Terracotta Army: The 1974 Discovery Of 8,000 Ancient Clay Warriors
The Terracotta Army guards the Emperor's tomb. (Photo by API/Gamma-Rapho via Getty Images)
Like many stories of fantastic discoveries from the past, the tale of how the Terracotta Army of ancient China was found begins with farmers digging in a field. It was 1974, and the region around Xian, China was experiencing a drought. A group of seven farmers decided to dig a well to supply their farm fields, but what they found was even more valuable than water. The discovery of the Terracotta Army on this day in 1974 was one of the most important archaeological discoveries in China and, indeed, the world.
Farmers digging a well discovered the Terracotta Army. (bbc.com)
Unearthing A Treasure
While the men dug their well on March 29, 1974, a farmer named Yang Zhifa felt his shovel strike hard, red clay about three feet below the ground. Upon investigation, the farmers uncovered a number of artifacts, including some old bronze arrowheads, but the most astonishing find was two life-size heads made out of terracotta.
Zhao Kangmin, the archaeologist who was first to work the site. (cultura-china.com)
The First Archaeologist On The Scene
Zhao Kangmin, an archaeologist working at a museum in central China, soon received a phone call about the artifacts. It wasn't uncommon to unearth small trinkets from ancient China from time to time, so Zhao assumed that was what he would find when he visited the site. Still, the location of the find intrigued him. It was around the area where Qin Shi Huangdi, the first emperor of China, was thought to be buried.
Hastily, he took the heads and broken shards of pottery back to his museum to see if he could put them together. In no time at all, he reassembled two full-size ancient warriors sculpted from terracotta.
More and more statues were found. (telegraph.co.uk)
Searching For More
Zhao and a colleague soon uncovered additional terracotta figures. As an archaeologist and student of history, Zhao was certain that this was an important discovery, yet he was hesitant to alert the Chinese government about the find. In those days, China still operated under the regulations imposed by Chairman Mao's Cultural Revolution. The Red Guard was tasked with destroying the ancient traditions and culture of China to make way for a new, streamlined society. Zhao feared that the historically significant terracotta statues would be seized or destroyed.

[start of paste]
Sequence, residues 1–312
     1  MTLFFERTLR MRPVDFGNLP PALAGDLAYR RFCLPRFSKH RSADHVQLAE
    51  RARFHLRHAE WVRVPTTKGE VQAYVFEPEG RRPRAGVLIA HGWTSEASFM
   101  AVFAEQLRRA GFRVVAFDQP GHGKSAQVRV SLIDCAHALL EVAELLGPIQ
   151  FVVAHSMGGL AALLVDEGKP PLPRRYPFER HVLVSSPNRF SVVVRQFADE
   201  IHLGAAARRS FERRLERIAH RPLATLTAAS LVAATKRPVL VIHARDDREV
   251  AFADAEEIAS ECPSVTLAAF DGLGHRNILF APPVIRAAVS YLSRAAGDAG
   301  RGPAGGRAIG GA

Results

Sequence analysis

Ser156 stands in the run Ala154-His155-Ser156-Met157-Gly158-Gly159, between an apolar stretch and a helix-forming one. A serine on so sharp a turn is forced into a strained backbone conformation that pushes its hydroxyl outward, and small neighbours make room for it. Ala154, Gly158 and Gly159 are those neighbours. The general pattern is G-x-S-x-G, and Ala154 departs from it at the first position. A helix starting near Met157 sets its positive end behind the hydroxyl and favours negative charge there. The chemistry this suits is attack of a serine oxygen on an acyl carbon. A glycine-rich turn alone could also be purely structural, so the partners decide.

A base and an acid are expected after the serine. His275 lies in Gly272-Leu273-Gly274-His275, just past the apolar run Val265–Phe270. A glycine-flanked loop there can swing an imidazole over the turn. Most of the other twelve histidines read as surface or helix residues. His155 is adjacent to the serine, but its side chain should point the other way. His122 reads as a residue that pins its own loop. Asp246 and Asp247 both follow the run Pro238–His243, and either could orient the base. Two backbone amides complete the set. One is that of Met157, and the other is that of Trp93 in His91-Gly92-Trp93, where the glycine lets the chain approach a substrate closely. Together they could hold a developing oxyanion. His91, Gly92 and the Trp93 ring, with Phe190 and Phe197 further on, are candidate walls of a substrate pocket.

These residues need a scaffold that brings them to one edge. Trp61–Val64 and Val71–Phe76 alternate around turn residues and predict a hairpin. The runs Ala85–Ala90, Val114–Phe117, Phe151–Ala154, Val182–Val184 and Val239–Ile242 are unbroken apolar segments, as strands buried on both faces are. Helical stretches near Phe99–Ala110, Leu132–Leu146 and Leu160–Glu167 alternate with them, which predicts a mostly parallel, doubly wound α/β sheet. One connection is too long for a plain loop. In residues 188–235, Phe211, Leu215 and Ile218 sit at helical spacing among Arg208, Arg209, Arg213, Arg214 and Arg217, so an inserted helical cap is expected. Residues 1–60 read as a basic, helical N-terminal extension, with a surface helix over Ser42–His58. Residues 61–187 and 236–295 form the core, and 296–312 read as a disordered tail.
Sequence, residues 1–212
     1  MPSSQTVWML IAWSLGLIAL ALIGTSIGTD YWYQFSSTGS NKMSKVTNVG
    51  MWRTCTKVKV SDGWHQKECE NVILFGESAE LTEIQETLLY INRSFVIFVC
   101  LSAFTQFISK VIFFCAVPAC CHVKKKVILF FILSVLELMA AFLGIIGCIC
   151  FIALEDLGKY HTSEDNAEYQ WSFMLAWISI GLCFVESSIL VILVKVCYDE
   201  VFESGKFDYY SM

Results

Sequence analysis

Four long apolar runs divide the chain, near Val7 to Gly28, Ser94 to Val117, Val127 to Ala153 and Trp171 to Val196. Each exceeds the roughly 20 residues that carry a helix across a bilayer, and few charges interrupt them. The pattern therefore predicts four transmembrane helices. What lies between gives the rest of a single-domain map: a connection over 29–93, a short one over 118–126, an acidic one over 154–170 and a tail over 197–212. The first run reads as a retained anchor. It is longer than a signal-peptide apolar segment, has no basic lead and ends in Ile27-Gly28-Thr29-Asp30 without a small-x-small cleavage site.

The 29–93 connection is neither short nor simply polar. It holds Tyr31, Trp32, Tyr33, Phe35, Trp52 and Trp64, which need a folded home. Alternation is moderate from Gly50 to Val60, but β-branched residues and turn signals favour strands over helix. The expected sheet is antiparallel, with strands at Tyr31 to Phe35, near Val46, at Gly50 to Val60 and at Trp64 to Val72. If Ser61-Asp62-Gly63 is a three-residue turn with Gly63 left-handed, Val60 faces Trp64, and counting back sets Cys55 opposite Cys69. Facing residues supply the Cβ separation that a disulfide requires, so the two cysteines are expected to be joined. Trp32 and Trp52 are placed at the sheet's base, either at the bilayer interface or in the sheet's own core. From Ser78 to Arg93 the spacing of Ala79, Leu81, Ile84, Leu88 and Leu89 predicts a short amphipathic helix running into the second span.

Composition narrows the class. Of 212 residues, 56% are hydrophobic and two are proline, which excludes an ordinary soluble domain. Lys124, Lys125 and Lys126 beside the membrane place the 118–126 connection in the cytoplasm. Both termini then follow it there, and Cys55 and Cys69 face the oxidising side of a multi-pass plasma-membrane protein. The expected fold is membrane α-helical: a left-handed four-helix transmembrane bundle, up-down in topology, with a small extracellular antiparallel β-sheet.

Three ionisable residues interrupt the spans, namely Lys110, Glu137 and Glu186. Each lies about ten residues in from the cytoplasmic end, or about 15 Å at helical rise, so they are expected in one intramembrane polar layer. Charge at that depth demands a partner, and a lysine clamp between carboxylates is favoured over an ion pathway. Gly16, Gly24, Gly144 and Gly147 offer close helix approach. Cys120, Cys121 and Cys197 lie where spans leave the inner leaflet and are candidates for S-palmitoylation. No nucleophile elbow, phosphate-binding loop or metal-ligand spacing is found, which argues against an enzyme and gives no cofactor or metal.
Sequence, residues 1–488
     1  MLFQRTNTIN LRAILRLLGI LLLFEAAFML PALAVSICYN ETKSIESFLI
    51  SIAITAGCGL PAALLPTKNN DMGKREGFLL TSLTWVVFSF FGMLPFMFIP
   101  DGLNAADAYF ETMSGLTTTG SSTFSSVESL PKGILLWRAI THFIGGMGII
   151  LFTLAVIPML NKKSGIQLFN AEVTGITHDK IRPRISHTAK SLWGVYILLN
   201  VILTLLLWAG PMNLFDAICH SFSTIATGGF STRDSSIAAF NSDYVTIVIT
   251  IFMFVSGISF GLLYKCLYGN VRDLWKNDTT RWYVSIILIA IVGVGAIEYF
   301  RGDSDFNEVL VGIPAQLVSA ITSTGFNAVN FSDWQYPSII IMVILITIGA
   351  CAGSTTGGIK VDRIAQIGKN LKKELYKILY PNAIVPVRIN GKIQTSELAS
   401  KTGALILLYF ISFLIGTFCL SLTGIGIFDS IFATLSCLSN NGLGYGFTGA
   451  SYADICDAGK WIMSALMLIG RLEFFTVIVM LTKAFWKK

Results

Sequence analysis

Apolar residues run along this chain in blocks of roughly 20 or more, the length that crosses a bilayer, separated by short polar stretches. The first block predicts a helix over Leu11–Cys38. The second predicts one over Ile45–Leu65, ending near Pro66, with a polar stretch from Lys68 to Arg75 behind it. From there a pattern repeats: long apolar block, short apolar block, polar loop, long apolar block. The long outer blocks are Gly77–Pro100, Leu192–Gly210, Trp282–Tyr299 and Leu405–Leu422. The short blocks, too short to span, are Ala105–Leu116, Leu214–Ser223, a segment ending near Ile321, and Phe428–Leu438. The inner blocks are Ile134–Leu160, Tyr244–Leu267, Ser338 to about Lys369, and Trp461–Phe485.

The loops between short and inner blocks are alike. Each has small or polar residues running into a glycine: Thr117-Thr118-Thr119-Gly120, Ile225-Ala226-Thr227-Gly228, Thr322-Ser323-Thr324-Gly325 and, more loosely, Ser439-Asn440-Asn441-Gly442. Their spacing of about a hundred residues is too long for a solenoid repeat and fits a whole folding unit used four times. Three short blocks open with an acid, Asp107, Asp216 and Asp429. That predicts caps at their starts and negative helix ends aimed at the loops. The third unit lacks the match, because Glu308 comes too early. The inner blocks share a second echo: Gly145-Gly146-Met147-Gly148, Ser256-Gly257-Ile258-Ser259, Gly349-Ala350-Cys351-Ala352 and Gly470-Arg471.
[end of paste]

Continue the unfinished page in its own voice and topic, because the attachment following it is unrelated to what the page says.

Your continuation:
Each terracotta warrior is unique. (thevintagenews.com)
The Secret Gets Out
Although Zhao had hoped to keep the discovery under wraps until he could literally dig deeper, an eager journalist from Xinhua, the state-run news agency, came across the site while traveling through the region. Despite pleas from Zhao, the young journalist wrote and published an article about the historical find. Thankfully, Zhao's fears that the government would (re)bury the historical discovery, which encompassed 500 statues by that point, turned out to be unwarranted. On the contrary, they were determined to protect and preserve this blast from the past.
The Terracotta Army remains standing in place, guarding the Emperor's tomb. (mymodernmet.com)
A Vast Number of Warriors
The excavation in Xian led archeologists to finally locate the ancient tomb of Qin Shi Huangdi. If Zhao was astonished by a mere 500 statues, he was about to be in for a real shock: More than 8,000 clay soldiers, dubbed the Terracotta Army, were found at the 2,200-years-old burial site.
The amazing thing about the Terracotta Army, aside for their sheer number, is that each one is different. The styles of clothing and armor, hairstyles, facial expressions, hand gestures, and poses all differ in subtle ways from statue to statue. Each one is an individual masterpiece, and together, they represent an enormous volume of work.
The tomb of Qin Shi Huangdi has not been opened. (smarthistory.org)
Why Were They Made?
Was it the work of some deranged wannabe wizard who hoped to bring these clay soldiers to life and conquer the world? Not quite. The enormous Terracotta Army was created to protect the burial site of Emperor Qin, a highly superstitious man who believed that actions and possessions in one life impacted the next. To protect his status as emperor, he ordered the ghost army of terracotta warriors to stand guard over his tomb. The Chinese government opted to keep the tomb sealed, just in case.
Although he was the first archaeologist on the scene, Zhao Kangmin didn't get credit for the discovery. (thoughtco.com)
Who Gets Credit For The Find?
Visitors to the location, which is now a UNESCO World Heritage Site, and the nearby museum are told that the Terracotta Army was discovered by Yang Zhifa, the farmer who first unearthed parts of the statues. This didn't sit well with Zhao Kangmin, who felt that he should have been credited with the find, or his supporters. It was Zhao, he/they argued, who recognized the importance of the discovery and took the necessary steps to protect the site and the statues. Alas, even as the Terracotta Army has become famous, Zhao has not. His name was not recognized in China, something that his fellow archaeologists lament.